Common Alcohol Withdrawal Symptoms

Alcohol withdrawal symptoms

Common Alcohol Withdrawal Symptoms

Withdrawal symptoms are almost always a feature of alcohol dependence. They are potentially dangerous and should be treated as a serious warning sign that you are drinking too much. Find out what these symptoms are, what causes them and what to do if you’re experiencing them.

What are alcohol withdrawal symptoms?

If you get any of the following after drinking heavily, it’s ly you’re experiencing alcohol withdrawal symptoms. 

Physical symptoms of alcohol withdrawal

  • hand tremors (‘the shakes’)
  • sweating
  • nausea
  • visual hallucinations (seeing things that are not actually real)
  • seizures (fits) in the most serious cases 

Psychological symptoms of alcohol withdrawal

  • depression
  • anxiety
  • irritability
  • restlessness
  • insomnia (difficulty sleeping) 

Withdrawal symptoms are dangerous and you should seek medical attention if you or someone you’re looking after is experiencing repeated vomiting, severe shaking or hallucinations / confusion. 

If you‘re experiencing withdrawal symptoms, it’s a sign that you are becoming physically dependent on alcohol.

Alcohol dependence, sometimes known as ‘alcoholism’, is the most serious form of drinking problem and can lead to a whole range of serious health problems.

People who are suffering from alcohol dependence may experience a strong, often uncontrollable, desire to drink and feel they’re unable to function without alcohol.

If you’re experiencing these symptoms several days a week, it’s very ly you are already dependent on alcohol.

You must seek medical help — talk to your GP about how to reduce your drinking, and find out more about alcohol dependence and how other organisations can help.

If you think you may be drinking too much, or that your drinking is beginning to have a damaging effect on your life, we have a quick test that can help you understand if there is cause for concern.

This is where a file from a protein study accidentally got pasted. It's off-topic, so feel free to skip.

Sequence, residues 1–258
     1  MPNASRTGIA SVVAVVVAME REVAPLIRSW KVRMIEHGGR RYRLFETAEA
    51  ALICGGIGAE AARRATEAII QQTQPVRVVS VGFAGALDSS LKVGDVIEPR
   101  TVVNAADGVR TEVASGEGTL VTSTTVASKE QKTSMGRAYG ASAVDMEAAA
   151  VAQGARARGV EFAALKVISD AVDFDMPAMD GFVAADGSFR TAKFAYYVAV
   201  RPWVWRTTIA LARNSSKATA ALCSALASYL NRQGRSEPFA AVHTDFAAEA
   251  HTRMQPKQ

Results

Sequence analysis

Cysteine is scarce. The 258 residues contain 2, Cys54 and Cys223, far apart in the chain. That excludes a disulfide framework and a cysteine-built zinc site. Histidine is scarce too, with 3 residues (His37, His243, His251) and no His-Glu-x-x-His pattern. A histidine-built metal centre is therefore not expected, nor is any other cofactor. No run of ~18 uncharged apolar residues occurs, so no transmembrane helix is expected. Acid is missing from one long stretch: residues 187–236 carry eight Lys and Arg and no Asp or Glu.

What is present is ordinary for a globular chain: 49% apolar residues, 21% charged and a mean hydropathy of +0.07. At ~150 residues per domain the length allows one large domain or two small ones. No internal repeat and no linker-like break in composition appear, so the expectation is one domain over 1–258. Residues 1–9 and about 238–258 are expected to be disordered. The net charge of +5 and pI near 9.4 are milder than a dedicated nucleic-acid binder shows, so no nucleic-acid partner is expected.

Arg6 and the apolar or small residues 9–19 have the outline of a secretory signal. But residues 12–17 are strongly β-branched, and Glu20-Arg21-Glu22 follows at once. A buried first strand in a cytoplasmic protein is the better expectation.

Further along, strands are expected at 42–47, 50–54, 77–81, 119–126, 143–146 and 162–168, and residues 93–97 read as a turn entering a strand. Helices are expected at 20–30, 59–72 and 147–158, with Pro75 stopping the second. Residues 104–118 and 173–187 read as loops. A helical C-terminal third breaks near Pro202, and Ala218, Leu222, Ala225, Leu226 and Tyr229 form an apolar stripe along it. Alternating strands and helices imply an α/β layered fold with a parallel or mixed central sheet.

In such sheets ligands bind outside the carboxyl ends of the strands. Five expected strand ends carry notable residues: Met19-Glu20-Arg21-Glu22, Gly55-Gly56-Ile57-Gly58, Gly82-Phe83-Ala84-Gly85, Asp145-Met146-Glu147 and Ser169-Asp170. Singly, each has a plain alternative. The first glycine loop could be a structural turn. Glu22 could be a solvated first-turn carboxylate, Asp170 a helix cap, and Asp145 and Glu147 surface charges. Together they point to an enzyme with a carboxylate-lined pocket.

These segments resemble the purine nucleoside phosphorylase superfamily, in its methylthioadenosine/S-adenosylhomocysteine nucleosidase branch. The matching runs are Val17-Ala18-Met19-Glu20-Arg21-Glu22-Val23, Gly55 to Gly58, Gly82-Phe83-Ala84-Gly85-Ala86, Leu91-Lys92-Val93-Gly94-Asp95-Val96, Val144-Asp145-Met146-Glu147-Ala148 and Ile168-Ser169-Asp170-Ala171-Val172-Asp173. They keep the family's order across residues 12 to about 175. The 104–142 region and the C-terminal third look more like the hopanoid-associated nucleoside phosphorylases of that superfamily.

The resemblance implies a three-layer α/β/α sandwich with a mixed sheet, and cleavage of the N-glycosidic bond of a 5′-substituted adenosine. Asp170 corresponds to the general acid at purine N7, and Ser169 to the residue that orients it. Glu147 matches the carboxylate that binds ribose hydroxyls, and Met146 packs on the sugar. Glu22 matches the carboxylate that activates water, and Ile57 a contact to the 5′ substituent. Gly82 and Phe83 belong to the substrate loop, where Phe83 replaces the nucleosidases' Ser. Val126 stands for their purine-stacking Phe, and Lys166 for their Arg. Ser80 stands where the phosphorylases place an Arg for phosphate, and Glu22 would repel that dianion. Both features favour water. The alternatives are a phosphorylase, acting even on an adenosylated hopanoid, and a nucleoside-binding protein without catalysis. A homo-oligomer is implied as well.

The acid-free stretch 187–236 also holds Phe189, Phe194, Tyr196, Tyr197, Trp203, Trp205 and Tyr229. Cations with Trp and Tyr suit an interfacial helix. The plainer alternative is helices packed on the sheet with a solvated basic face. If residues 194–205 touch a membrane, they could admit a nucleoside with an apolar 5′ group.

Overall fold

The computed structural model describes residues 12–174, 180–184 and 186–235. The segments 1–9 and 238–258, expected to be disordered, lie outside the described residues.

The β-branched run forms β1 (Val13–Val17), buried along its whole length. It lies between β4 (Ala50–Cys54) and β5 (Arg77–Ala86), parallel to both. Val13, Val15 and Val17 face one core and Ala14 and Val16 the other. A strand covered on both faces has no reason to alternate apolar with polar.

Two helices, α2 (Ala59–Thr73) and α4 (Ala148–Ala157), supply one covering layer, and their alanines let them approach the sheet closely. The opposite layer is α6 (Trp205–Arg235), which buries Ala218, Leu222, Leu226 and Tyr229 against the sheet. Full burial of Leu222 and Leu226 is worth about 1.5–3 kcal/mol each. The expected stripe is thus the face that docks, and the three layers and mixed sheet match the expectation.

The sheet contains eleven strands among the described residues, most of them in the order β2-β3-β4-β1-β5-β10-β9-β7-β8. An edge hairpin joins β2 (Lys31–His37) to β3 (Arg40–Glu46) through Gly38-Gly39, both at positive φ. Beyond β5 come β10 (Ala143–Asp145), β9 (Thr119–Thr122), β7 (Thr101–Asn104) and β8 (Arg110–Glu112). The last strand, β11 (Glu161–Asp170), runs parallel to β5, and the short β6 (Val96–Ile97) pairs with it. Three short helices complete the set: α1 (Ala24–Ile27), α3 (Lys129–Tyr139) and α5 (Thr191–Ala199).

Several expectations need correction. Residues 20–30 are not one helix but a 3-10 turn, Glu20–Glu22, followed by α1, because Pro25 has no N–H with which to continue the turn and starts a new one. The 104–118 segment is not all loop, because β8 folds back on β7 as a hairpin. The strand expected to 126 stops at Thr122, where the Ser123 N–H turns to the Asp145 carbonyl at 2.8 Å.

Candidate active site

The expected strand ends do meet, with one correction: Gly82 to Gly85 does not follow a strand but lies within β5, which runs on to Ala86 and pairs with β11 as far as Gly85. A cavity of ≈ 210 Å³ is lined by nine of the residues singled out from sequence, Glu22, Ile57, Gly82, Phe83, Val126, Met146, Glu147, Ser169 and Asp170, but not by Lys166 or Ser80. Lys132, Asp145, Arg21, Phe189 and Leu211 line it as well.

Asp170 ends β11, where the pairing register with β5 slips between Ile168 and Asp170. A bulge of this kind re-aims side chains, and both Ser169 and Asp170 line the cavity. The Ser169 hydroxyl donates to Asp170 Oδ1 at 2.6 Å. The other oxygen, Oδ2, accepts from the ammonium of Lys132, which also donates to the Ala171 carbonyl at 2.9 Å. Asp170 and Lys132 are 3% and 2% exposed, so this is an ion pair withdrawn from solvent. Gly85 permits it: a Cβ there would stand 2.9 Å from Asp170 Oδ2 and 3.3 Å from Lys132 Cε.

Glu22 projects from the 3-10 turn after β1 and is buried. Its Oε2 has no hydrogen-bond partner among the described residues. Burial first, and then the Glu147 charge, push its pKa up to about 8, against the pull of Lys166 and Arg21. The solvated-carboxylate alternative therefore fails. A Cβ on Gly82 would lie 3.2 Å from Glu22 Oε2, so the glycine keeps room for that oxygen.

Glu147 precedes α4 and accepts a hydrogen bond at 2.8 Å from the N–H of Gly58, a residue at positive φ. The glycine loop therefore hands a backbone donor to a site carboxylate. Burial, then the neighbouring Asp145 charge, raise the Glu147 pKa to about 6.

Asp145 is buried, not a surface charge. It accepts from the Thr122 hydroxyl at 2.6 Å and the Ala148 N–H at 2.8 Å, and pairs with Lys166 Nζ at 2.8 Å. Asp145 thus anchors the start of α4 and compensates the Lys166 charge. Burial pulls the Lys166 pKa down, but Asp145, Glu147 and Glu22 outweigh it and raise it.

Take the alcohol self-assessment

If you have regular withdrawal symptoms, you will almost certainly need medical supervision to help you reduce or stop your drinking, and prescription medication, to avoid the danger of having a fit, which could result in permanent injury or death. 

Although severe withdrawal symptoms can take up to a year to fully recover from, most people feel better within 3-7 days of stopping drinking. The first 48 hours are ly to be the worst. 

To relieve your symptoms once you’ve stopped drinking:

  • Keep yourself hydrated with plenty of non-alcoholic drinks (but avoid caffeine)
  • Try to eat regularly
  • Your GP may prescribe medication to help relieve your symptoms 

For some people, insomnia caused by stopping drinking can be challenging, resulting in the urge to start drinking again ‘to help get off to sleep’. If you experience this, remember that your sleep patterns will almost certainly start to return to normal once your brain recovers its normal functions.

Withdrawal symptoms are caused by the way your brain reacts when you drink heavily. Alcohol affects the area of the brain responsible for what’s known as the ‘fight or flight’ function. This is the way in which our brains respond to danger, preparing us to either fight or run away. 

When you drink alcohol, the fight or flight response in your brain is suppressed, making you feel relaxed. And when you stop drinking, the alcohol gradually leaves your brain as your body processes it.

But if you regularly drink excessively, the alcohol’s effect on your brain’s chemical balance can mean you go straight into fight or flight mode as the alcohol leaves your brain, even when there’s no danger present1. 

Withdrawal symptoms – both the psychological ones (e.g. anxiety) and the physical ones (e.g. the shakes) are all caused by your brain going into fight or flight mode. The more you drink, the more you’re ly to be affected by withdrawal symptoms.